Chrisa Hickey: [00:17:48] Life now is pretty good. I mean, like I said, we’ve moved to a very small community with the intention of creating a safe environment for Tim. So now Tim is doing things that I never thought were possible when he was a kid. He has a part time job. He works a couple days a week in a local restaurant, washing dishes and bussing tables. He has his own apartment and that’s a rent controlled apartment in a very nice complex. He only lives a mile away. So when he needs help and support, we’re here for him. He’s got friends. He has a social life. And life’s pretty good. We’re still here to help support him because unfortunately, one of the things that typically goes along with childhood onset schizophrenia is also a cognitive decline. Tim’s lost about 40 IQ points since he was a child. So executive functioning isn’t as good as it should be for a twenty five year old. But that’s OK, because we’re close enough here. You know, I can go over, I can help him when, I ask questions. You know, we help me help him manage money. I help him with his meds because he has gotten off track on those when he tried to do it on his own. But overall, I feel confident that he’s in an environment now, that he can be happy and healthy and for the rest of his life.
Rachel Star Withers: [00:18:51] What advice would you tell someone who just found out that their child has some sort of mental disorder?
Chrisa Hickey: [00:18:58] Oh, boy. Well, I think there’s two things. If you’re adopting a child and they tell you that the child has some emotional or behavioral issues, especially if you’re adopting from foster care. But unfortunately, the foster care systems have a spotty record of being incredibly upfront with adoptive parents, which I understand because these kids tend to be very difficult to find permanent homes for. There’s a lot of disruption in adoptions of children that are a little bit older, a little bit older means basically more than three, that have some kind of emotional or behavioral disturbance going on. I think if you’re adopting, be very upfront with your caseworker that you want to know everything. It’s not because you want to reject the child. You just need to know everything you’re dealing with before you can really commit and you need to know what your family is going to be going through. If the child you’ve already adopted or your biological child and you just found out, find a group you can talk to. The worst part about having a child with serious mental illness is the isolation that the family feels. We often say it’s the “no casserole disease,” right?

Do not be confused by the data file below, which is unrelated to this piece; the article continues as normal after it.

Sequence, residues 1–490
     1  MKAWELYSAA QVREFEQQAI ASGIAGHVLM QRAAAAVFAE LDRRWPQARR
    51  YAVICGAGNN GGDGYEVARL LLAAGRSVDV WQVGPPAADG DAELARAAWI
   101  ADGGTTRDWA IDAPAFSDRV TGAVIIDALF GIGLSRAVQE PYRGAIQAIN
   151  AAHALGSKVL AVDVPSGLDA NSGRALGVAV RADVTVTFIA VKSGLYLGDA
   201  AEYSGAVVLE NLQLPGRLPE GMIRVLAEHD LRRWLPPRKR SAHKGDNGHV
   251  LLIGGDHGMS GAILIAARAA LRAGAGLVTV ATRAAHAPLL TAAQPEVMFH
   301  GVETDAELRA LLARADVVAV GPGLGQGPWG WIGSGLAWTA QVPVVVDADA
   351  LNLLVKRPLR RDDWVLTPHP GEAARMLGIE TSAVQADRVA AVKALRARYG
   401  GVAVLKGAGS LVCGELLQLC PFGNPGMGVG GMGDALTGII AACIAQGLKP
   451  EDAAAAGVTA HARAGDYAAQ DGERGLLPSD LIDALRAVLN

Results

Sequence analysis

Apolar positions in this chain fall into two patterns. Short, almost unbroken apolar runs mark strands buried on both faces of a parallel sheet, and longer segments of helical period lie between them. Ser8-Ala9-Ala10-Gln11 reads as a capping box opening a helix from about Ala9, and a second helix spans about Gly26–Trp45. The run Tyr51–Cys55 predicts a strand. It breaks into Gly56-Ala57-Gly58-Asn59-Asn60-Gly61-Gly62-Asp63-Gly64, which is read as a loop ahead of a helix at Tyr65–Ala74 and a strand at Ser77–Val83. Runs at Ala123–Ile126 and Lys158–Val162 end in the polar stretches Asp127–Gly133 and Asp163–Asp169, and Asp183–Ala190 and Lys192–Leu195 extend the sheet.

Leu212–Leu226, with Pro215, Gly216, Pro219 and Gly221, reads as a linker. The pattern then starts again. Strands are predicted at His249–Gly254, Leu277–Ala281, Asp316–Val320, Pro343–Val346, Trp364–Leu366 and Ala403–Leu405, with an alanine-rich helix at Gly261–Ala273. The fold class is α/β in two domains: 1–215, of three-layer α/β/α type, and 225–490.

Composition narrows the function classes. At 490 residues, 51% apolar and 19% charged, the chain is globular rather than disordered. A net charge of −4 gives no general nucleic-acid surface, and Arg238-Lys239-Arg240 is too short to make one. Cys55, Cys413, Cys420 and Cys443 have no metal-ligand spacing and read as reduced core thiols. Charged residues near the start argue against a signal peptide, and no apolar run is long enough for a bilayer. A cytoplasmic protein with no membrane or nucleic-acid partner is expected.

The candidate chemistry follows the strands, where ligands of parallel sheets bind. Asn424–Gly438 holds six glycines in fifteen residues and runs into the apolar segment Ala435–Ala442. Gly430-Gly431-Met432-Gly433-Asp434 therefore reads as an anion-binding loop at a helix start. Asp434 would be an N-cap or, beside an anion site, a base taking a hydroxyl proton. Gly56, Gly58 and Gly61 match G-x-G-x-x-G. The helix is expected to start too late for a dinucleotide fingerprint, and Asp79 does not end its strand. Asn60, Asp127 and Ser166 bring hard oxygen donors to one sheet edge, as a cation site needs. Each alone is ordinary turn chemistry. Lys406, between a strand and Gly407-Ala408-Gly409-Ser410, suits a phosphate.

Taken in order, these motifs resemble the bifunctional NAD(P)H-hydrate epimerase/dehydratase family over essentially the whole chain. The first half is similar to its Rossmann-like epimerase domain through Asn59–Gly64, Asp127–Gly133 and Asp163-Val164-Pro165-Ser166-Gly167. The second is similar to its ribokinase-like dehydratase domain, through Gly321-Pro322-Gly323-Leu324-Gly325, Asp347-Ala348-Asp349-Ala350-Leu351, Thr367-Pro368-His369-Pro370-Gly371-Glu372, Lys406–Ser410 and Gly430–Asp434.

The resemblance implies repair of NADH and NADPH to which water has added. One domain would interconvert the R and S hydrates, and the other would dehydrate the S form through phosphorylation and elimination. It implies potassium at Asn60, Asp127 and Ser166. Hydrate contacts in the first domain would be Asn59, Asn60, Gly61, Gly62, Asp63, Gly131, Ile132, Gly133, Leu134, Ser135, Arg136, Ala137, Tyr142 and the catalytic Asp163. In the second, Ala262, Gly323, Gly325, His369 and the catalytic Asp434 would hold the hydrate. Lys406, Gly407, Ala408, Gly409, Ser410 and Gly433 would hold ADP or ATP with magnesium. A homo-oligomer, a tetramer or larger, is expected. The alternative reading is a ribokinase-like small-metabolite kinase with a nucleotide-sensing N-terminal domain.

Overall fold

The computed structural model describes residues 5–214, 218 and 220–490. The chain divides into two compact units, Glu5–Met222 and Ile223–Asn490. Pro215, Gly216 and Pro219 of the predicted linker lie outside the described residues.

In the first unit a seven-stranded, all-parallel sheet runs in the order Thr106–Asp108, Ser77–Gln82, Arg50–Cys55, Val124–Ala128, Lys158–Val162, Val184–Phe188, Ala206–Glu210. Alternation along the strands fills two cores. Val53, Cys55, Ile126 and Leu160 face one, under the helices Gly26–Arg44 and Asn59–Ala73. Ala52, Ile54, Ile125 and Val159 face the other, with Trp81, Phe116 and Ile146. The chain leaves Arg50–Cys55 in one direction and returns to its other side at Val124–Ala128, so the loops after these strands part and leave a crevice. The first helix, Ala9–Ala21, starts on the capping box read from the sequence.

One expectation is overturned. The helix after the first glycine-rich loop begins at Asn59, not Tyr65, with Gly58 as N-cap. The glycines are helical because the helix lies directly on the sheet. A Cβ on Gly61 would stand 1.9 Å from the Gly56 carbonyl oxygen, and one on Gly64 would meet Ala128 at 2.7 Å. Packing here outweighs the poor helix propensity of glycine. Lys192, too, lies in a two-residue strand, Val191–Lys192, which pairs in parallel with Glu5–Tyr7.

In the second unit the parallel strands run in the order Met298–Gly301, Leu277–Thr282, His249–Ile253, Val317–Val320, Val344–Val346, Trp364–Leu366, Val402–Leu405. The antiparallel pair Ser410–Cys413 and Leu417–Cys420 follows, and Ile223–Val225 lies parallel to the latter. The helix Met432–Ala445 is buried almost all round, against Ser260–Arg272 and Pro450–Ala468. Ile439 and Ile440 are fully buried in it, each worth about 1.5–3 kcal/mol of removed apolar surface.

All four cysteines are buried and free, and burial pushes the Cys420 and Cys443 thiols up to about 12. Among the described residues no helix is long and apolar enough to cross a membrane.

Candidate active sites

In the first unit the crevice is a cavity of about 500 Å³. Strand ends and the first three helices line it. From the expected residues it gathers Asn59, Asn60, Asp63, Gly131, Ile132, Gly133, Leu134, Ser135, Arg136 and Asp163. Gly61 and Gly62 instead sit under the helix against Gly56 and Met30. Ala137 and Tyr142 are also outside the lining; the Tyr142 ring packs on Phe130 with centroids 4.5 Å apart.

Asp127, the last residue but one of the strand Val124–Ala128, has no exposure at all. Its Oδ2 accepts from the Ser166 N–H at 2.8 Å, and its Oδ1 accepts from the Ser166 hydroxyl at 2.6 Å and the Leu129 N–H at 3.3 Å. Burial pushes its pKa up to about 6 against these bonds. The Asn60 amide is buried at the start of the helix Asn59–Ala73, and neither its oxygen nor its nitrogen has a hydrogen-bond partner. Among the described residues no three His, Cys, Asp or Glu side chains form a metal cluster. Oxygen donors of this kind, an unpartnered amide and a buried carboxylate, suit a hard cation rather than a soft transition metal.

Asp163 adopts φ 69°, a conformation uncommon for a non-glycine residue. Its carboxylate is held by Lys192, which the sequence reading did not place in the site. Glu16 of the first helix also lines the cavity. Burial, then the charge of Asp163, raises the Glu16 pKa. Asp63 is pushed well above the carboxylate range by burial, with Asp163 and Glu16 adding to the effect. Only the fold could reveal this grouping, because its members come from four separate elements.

Chrisa Hickey: [00:19:55] When your child has cancer, everyone comes over, they make you meals, they take your kids to soccer practice. When your child goes into a psychiatric hospital, nobody calls. They don’t know what to say. They don’t know what to do. And they’re afraid of it because they don’t understand it. So find people you can talk to. Come to my website. You know, our nonprofit is ParentsLikeUS.club. It’s all about stories of other families who are going through this. We’ve got lots of resources. We have a Facebook support group to help parents that are going through the situation. I learned more from other parents who have kids, a serious mental illness than I ever learned from a medical professional. And even my son’s child psychiatrist said he would go to my, he called them my “mom posse.” We’d go to the mom posse to get information and feedback for him, because even he didn’t have all the answers. And he knew that the only way to get the answers was from other people going through it. So find some support. Find a place where you can talk to someone who understands.